I have noticed a few people are using blue light bulbs for the front porch and/or walk way. The light is not very bright and does not cast what I would call sufficient lighting. On some streets half the illuminated evening porch lights are blue.

Why might people choose a blue light, to light outdoor areas in the evening?

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    Blue lighting is becoming commonly used in restrooms because druggies can not see their veins in blue light. This is quite commonplace where I live. "Blue lighting is sometimes used in public toilets (restrooms) to make it more difficult for drug users to inject themselves (veins are harder to see)". - A vein attempt?
    – Ken Graham
    Apr 22, 2017 at 13:14
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    What part of the world is this? Looking at your profile, you're from Pittsburgh. I found some articles that say blue bulbs in Kentucky were used to support a police officer who was killed on duty. I know (as a former PA resident) that Eric Frein who killed a PA State Trooper was sentenced on a few days ago (April 19th). Maybe the blue lights are in remembrance of the State Trooper he killed?
    – Timmy Jim
    Apr 22, 2017 at 13:31
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    I'm voting to close this question as off-topic because it doesn't seem to fit What topics can I ask about here, which is also the definition of our site, as stated in the tour: The Great Outdoors Stack Exchange is for people who love outdoor activities, excursions, and outdoorsmanship. Apr 29, 2017 at 15:43

2 Answers 2


Why use blue lights on your porch?

Blue light deter druggies from injecting themselves because they cannot see their veins so easily. Junkies keep away!

Blue lighting is sometimes used in public toilets (restrooms) to make it more difficult for drug users to inject themselves (veins are harder to see).

It was more difficult to see my veins through my skin, but there was normal-coloured lighting in the street outside, and one would assume that the users would thus just go outside instead, though the risk of detection is greater. (An additional result of the blue lighting is that, on going outside after spending more than a few seconds in the toilets, the daytime world appears much brighter and more optimistic, even on an overcast day: could retail designers or others make use of this effect? Do they already?) - A vein attempt?

As Timmy Jim points out in his comment people use blue lights to show support to fallen police in the line of duty.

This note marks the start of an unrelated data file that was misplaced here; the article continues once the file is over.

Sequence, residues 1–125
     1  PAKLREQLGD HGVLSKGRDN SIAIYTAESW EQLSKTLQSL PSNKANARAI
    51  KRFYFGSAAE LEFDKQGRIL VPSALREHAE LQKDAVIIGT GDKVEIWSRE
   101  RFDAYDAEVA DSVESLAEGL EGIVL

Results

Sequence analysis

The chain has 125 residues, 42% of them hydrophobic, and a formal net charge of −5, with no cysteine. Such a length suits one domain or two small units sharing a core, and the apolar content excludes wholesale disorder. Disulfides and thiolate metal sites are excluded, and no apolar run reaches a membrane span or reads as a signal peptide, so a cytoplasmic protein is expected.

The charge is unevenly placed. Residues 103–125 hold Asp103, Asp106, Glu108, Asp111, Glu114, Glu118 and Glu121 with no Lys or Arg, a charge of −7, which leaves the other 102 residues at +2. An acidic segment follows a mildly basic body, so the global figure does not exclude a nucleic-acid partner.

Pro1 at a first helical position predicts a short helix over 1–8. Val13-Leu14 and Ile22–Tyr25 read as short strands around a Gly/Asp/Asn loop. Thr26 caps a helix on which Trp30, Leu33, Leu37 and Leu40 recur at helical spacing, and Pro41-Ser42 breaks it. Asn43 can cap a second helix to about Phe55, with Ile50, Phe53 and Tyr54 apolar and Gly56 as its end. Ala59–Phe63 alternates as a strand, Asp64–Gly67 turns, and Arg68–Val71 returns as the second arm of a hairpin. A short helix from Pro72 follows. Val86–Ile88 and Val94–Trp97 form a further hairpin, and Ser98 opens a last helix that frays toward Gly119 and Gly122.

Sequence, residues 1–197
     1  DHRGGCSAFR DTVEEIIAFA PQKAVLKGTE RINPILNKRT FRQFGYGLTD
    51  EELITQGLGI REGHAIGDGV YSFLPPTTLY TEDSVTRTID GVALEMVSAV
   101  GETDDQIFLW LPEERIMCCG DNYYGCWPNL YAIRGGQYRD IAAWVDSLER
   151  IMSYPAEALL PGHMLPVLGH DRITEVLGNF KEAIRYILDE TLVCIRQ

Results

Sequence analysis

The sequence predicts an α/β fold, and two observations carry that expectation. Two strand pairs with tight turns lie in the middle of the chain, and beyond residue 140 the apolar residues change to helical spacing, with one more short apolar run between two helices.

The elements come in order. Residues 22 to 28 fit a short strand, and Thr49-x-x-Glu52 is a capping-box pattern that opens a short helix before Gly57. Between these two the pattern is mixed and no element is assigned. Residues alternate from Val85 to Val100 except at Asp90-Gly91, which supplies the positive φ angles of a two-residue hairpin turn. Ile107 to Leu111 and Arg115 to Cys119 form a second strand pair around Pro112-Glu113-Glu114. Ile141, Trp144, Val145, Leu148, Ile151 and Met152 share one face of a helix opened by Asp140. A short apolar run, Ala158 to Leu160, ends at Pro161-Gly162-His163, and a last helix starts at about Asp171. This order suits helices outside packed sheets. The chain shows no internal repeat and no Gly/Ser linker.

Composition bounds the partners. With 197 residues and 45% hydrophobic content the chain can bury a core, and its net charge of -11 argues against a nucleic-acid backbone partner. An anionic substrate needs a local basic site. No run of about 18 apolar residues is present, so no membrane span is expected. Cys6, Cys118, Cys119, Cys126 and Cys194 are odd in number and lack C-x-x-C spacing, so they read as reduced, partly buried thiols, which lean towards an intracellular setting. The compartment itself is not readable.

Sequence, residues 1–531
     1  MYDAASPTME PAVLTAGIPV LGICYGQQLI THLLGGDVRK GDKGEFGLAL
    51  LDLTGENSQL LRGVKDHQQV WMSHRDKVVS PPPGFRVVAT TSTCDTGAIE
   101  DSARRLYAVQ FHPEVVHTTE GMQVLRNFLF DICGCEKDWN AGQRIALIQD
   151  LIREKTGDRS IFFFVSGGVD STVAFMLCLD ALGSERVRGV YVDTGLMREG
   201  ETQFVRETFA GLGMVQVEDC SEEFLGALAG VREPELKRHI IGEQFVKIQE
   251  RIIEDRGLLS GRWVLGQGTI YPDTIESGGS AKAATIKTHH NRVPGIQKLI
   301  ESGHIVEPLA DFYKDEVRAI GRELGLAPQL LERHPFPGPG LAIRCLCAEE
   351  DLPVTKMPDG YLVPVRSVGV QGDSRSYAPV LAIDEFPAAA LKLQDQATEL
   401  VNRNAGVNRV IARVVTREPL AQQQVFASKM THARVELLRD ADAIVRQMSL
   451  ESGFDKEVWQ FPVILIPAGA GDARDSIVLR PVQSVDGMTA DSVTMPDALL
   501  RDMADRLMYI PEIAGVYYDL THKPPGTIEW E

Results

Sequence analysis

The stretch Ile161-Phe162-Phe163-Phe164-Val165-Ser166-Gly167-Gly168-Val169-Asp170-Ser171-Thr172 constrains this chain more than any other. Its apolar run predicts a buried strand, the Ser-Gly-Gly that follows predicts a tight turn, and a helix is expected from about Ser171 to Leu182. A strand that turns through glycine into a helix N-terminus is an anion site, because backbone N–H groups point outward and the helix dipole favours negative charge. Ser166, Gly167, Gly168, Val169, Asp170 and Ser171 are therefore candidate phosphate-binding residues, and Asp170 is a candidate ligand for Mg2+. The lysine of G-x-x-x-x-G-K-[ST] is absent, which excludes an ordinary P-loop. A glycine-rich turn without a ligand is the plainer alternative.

Some people use them for the Fourth of July holiday:

Burke said his customers began asking for blue lights Wednesday. Since then, he estimates, his Home Depot store has sold between 50 and 60 blue lights. Normally, the store sells one to five a week. Usually, he said, residents want blue lights for parties or the Fourth of July holiday. - Area residents flipping switches to blue porch lights to back police

There is also the Blue Light Safety Project:

This is the Blue Light Safety Project.

A blue light signifies that this house is a temporary safe space, open to anyone that feels in danger or threatened. Knock on the door and the residents will provide support until you feel safer or can make other arrangements. If no one is home, you are welcome to sit on the porch for a short time until you feel safe to continue on your way.

The project is an attempt to provide safety in our community outside of institutional solutions such as police. - Blue Light Safety Project

Or you could be like me. I use a blue light on my porch simply because I do not want a lot of white light coming in through the window!

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    Maybe some people just like blue? Though I do wish people would tell me when certain colors are supposed to symbolize things, lest I accidentially cause them to think that I'm supporting something, when I'm actually neutral, opposed, or simply unaware.
    – jamesqf
    Apr 23, 2017 at 18:10
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    The beginning of this answer is confusing. If you have a problem with people coming onto your porch to do drugs, I guess that makes sense. However, the 1st quoted article doesn't answer the question. The quote relates to indoor public rest-room lighting, not outdoor porch lights. The first link in that quote is dead, so even if I wanted to learn more, I can't. Would you consider removing that? Thanks! Apr 23, 2017 at 22:22
  • Ken Graham, the first link in the quote is now working for me, so I correct the part of my comment stating that it was dead. The main comment is still how I feel, though. Apr 29, 2017 at 15:52

Blue is also the color used for autism awareness. Typically April is autism awareness month.

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